First, I’d like to recognize my three newest blog followers!

Tara McClendon
Susan J. Reinhardt
Heather Sunseri

Y’all rock and are SO very welcome here!


I’ve admitted my addiction before, but yes, I watch the bachelorette. Let’s not discuss the fact that I shouldn’t watch this show given my moral sensibilities that are irritated each time I watch. I know, I know. I’m trying to kick the habit. Some people smoke. Some turn to alcohol… Me? I catch me some bachelor/ette on TV.

(let me also just say, for those who found this blog by typing in “Kristas bachelorette blog” or something to that effect, and thought they might be finding TRISTA the bachelorette… I am very very very much NOT her. But… feel free to read on *grin*)

I just want to discuss Wes for a moment.

For those of you *non* watchers out there, Wes was a dude for all extensive purposes, came on the show to promote his country music career. He made this pretty clear to everyone except for the Bachelorette, of course. He also insinuated then came right out and said he had a “girlfriend” back home.

And every woman in America (well, the ones watching the show anyway) wanted to backhand him.

So, as I was watching the “Men tell all” show tonight, a thought popped into my head. Even though there is a way of thinking that “negative publicity” isn’t bad because at least people are talking about you… I think there’s a point where you can seriously damage your career by doing something stupid.

Like becoming one of the most hated men in America by… not sure how many viewers… but uh, yeah, not so smart.

How does this relate to book writing?

Very simple: Be careful what you say/do. Because people hear/see.

Little things can stick with you. If you read someone’s blog and are irritated by it, and post a negative comment… uh yeah. Not great exposure, especially if said blog is that of an agent/editor.

Mean reviews can be a thorn in your side.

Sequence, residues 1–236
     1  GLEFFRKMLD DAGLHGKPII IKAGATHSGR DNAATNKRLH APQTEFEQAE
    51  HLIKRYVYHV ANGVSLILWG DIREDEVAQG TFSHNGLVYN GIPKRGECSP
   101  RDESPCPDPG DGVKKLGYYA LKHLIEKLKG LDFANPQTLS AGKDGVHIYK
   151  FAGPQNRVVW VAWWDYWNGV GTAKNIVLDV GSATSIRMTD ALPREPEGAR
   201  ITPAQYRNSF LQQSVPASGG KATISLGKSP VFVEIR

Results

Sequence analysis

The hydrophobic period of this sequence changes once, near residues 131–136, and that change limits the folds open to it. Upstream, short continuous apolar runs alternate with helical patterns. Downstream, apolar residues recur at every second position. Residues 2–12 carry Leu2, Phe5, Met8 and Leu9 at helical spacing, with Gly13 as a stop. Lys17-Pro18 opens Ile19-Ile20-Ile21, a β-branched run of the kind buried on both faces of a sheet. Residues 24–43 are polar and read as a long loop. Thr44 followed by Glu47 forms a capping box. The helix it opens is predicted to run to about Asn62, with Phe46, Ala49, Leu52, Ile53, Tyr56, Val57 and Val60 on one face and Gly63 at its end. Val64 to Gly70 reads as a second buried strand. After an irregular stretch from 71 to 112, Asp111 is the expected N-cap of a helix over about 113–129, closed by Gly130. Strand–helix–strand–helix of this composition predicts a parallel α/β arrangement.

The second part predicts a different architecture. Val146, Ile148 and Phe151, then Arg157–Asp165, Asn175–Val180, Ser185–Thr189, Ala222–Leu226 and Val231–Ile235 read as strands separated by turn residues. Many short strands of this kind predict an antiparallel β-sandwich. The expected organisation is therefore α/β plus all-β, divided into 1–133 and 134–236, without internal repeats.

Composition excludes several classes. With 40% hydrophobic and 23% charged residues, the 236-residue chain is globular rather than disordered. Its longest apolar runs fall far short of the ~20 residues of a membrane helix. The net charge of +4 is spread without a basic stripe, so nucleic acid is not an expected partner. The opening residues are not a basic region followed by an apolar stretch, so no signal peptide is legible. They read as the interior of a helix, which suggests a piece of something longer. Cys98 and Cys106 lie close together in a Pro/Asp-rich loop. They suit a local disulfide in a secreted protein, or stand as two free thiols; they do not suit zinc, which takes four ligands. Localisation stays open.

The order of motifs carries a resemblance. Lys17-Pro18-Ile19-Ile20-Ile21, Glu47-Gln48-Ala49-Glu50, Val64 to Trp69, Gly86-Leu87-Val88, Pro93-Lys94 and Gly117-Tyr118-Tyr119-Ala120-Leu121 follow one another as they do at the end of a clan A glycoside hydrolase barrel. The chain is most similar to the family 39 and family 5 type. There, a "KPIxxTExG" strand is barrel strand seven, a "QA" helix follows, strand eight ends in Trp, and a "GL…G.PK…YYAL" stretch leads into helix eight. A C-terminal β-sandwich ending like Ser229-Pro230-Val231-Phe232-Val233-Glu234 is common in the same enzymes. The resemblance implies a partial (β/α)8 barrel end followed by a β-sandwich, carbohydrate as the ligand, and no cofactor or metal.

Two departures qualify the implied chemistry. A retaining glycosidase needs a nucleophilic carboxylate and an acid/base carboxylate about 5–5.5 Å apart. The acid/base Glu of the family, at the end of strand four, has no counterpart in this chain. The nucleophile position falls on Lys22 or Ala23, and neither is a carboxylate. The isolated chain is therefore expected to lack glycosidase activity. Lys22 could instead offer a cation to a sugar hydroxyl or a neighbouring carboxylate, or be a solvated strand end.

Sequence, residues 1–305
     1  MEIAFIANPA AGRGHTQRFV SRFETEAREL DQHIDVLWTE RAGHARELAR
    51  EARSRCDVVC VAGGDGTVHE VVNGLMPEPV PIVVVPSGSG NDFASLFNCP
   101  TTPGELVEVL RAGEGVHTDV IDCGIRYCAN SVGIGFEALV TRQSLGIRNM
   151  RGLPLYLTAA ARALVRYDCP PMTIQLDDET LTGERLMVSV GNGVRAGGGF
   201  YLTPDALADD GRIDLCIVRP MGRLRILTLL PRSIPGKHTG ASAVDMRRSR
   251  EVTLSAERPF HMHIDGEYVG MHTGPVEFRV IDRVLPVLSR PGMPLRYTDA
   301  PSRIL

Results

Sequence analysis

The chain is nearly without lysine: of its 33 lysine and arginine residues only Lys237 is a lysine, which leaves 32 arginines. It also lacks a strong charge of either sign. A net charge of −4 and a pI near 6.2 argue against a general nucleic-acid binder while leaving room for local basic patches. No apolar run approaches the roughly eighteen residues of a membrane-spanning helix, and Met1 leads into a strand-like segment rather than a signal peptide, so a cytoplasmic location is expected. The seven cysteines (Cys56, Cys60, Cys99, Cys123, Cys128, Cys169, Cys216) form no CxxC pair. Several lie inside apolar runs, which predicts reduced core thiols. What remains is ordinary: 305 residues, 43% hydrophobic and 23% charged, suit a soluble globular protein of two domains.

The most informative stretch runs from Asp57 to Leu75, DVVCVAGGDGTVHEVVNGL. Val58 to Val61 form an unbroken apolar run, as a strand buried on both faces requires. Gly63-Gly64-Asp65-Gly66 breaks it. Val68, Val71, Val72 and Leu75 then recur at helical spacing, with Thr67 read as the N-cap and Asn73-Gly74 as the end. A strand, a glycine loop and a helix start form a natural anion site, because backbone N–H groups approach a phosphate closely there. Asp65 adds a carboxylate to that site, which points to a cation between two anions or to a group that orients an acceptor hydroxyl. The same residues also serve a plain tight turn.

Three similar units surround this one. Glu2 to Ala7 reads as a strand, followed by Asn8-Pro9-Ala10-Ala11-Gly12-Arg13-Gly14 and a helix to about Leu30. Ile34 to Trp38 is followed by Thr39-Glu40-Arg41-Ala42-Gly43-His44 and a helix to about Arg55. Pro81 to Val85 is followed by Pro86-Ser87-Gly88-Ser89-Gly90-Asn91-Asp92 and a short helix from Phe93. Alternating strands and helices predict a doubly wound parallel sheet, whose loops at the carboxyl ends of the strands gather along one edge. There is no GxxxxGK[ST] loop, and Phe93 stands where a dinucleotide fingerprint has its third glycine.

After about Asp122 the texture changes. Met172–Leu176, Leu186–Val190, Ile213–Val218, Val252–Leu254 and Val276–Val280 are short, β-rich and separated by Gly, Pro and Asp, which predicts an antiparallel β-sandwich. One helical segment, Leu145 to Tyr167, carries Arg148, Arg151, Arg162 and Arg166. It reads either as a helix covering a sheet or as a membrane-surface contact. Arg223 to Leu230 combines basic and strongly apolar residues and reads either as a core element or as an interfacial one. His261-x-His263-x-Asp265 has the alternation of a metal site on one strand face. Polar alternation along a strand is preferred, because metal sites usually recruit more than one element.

Rude comments, even if you meant them as a joke, could be misconstrued. (I have to watch myself on that one… I am the queen of pretend rude comments…. Sorry Marybeth about my nananana one!)

A Tweet or Facebook status update made in haste can come back to haunt you.

In the end, publicity is huge but it’s also about IMAGE. How you come across can affect your entire career.

And for us followers of Christ, even more important than our “professional” image, is the image we reflect of our savior. Can people see God in you? Do you reflect him or give him “negative” publicity?

I’d love to sit here and say that I am very mindful of how I’m perceived both as a writer and as a Christ follower, but I fail probably daily. We all do. But I pick myself back up and try again to do better. I realize that God is perfected in my weaknesses.

Discussion: How do YOU want to be perceived by the masses?



  1. No need to apologize. I laughed 🙂 I have thick skin when it comes to sarcasm!!! Heck, it's practically a second language for me.

    But I totally understand what you are saying. I am much more careful than I would be if I wasn't trying to become a writer. I think twice before I say ANYTHING…and sometimes I still regret things that I have said in a comment/twitter/facebook post.

    Great post 🙂
    (I promise, I only cried for a day after your comment!)

  2. What a wonderful thing to think about, and while we are at it, to pray about. We do mess up every day (at least I know I do). That is part of why I prayed so long before I ever started blogging. Sarcasm can bite you quick if your words are taken out of context, or if the people reading your words don't understand your personality. I just saw a Twitter post on Rachelle Gardner's Twitter. "'Words, once they are printed, have a life of their own.' Carol Burnett. [Goes for blogging & tweeting too!]"

  3. I once posted a negative review on Amazon (not mean, just a review explaining why I didn't like such-and-such book). AFter five minutes, I went back onto Amazon and deleted it. I think that was a good move. This isn't to say we can't have opnions or that we should love every book we read…. I just think, this business where it's already so hard to get your foot in the door…why stick gum on the bottom of your shoe when you don't have to? I deleted the review and decided if i don't like a book, I don't write a review. If I like a book, I write a review. Easy cheesy. 🙂